As the Chinese New Year approaches it’s time to say good bye to the year of the Rabbit. As with all things Chinese it’s not without confusion as there are no native species of rabbit in China, so while the West calls it the Year of the Rabbit, it is in fact the Year of the Hare. There are several native species of Hare and at the time the names were handed out, there were no rabbits in the country.
So let’s take a quick look back on the Year of the Rabbit and the interesting things that happened here.
The behavior that shocked the world
Little Yue Yue became the unluckiest girl in the world, when she was hit by a passing car and then ignored as she lay dying in the street by 18 passersby, only to be run over once again before a street cleaner came to her rescue. It placed a spotlight on the lack of civic responsibility and care from Chinese citizens to other Chinese, and led to Shenzhen introducing a law requiring people to help others in distress.
The real estate market began to falter
There’s a common myth that real estate prices must always increase and despite what’s happened in the West over the last 4 years thanks to this ridiculousness, it hasn’t stopped real estate from soaring to new highs in China. In the last 3 months of the year this idea began to grind to a halt, with houses and apartments in Tier 1 cities now so far beyond the budgets of those working in them – the realization began to set in, driven by government policy, that perhaps those houses weren’t really worth what they were selling for.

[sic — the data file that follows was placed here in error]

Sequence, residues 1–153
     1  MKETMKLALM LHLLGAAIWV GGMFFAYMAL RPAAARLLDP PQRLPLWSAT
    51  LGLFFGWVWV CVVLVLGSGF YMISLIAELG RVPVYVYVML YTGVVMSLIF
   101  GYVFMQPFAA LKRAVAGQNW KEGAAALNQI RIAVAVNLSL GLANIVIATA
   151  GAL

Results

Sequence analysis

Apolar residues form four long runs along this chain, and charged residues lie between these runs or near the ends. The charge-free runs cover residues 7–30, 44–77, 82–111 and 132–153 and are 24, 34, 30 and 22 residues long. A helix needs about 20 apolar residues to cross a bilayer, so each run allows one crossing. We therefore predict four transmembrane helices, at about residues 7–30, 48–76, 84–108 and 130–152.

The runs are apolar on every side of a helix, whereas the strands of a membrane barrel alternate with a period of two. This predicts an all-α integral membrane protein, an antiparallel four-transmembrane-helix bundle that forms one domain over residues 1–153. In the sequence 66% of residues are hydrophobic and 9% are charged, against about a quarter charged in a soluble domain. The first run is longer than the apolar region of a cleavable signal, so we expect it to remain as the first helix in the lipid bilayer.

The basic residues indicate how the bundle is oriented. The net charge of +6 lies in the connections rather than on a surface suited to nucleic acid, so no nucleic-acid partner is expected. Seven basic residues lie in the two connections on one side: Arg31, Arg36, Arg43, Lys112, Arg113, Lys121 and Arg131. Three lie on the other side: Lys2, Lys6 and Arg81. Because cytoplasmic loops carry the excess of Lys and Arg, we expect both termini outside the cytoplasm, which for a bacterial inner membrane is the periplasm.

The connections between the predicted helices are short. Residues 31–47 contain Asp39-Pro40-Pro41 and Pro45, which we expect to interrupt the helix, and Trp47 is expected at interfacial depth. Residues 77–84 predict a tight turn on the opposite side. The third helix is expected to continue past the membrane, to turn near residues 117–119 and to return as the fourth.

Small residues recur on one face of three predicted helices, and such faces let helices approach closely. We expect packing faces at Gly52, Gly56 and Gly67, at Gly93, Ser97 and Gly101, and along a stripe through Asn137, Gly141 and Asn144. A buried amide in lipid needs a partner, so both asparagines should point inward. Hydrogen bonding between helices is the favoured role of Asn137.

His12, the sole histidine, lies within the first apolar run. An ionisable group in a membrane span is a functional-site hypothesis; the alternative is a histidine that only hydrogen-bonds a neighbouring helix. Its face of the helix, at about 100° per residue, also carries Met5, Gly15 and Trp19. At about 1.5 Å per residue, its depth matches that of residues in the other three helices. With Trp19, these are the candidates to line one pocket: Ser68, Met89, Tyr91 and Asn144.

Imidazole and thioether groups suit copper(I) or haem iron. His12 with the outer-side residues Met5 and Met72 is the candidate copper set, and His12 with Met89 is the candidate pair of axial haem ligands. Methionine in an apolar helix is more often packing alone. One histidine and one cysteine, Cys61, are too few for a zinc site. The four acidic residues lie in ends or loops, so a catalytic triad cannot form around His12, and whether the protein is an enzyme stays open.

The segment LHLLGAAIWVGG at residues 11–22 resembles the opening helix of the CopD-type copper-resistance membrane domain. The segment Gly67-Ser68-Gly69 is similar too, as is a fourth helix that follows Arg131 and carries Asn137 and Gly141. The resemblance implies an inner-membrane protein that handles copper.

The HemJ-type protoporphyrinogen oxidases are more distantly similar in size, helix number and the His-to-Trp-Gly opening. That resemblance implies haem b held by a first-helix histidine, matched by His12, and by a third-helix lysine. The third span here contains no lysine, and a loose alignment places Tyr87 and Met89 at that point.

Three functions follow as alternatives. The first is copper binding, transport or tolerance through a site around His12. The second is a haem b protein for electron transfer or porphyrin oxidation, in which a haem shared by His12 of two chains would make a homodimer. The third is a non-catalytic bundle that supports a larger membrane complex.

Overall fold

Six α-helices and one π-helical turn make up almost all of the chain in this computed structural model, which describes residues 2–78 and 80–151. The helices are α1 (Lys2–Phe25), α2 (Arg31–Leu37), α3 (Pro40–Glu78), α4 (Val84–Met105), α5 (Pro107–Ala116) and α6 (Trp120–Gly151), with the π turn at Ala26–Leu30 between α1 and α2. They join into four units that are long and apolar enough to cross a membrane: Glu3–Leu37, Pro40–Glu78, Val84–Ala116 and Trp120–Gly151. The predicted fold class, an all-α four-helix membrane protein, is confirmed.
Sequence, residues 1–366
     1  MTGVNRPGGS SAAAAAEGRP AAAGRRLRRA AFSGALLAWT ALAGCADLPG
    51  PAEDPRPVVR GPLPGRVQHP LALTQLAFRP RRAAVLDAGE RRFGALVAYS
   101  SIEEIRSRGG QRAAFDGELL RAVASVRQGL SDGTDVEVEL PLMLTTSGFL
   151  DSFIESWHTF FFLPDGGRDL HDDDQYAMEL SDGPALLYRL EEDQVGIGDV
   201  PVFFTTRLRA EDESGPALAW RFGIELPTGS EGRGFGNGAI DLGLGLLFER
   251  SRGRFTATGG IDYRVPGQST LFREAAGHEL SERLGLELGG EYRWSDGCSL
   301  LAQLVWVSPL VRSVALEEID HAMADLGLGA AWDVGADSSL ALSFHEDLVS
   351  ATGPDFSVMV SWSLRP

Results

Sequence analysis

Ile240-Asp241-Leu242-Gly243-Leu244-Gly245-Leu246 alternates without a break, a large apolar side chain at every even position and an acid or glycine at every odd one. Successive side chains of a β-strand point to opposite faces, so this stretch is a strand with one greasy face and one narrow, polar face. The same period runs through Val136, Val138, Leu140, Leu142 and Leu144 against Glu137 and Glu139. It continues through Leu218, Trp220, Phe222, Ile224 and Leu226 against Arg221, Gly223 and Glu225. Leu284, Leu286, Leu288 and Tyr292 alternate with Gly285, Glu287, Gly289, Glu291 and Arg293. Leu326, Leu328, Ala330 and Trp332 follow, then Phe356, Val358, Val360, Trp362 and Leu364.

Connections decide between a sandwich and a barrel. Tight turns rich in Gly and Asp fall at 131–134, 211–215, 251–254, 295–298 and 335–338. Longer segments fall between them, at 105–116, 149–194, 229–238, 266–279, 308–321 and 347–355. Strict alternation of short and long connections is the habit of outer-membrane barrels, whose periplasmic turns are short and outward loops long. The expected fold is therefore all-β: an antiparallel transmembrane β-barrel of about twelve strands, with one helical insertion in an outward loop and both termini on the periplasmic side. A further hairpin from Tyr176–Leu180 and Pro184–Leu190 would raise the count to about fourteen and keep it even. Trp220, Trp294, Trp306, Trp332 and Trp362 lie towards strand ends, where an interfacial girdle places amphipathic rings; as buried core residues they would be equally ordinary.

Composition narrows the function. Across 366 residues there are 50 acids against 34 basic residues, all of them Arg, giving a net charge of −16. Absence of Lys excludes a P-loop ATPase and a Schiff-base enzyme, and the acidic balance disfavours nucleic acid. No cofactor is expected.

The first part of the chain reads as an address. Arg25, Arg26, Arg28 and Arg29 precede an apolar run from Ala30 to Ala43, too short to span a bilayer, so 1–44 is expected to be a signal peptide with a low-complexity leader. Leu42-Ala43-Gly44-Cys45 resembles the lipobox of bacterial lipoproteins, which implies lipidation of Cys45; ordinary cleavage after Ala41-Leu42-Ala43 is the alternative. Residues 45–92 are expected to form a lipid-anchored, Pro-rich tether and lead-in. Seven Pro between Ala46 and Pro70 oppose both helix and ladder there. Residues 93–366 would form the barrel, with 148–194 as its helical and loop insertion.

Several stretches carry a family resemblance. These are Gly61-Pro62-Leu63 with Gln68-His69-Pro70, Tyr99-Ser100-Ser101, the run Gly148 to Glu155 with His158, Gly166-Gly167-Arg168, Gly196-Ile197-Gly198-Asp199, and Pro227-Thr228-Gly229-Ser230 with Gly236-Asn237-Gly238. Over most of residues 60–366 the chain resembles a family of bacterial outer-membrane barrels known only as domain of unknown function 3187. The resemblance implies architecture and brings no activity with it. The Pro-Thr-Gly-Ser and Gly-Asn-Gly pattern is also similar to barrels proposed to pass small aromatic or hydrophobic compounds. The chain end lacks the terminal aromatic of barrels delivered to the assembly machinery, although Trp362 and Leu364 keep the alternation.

Shenzhen delivered the Universiade Games
Shenzhen finally crawled out from under the skirts of the other mega-cities in China and hosted the Universiade games. The event may not be considered of enormous importance internationally, but the local authorities delivered an amazing spectacular that the city could be truly proud of. Demonstrating once again that when China is committed to doing something, it gets done.
Communism Didn’t Die
In fact here in China communism celebrated its 90th birthday, it may not resemble Karl Marx’s ideal anymore but communism is alive and kicking. And to prove it, China held a party for a party.
Charitable Twit makes the headlines for all the wrong reasons
An aspiring actress decided to give herself a break by claiming to represent the Red Cross, and then detailing how much money she was spending on a brand new car, partying and clothes. Guo Mei Mei’s lesson was a harsh one as she was pilloried by the whole of China after her micro-blog enraged donors. The truth? She doesn’t work for the Red Cross at all, but sadly that’s not much help to the charity as people didn’t follow the story for long enough to find out, and now assume charity = theft.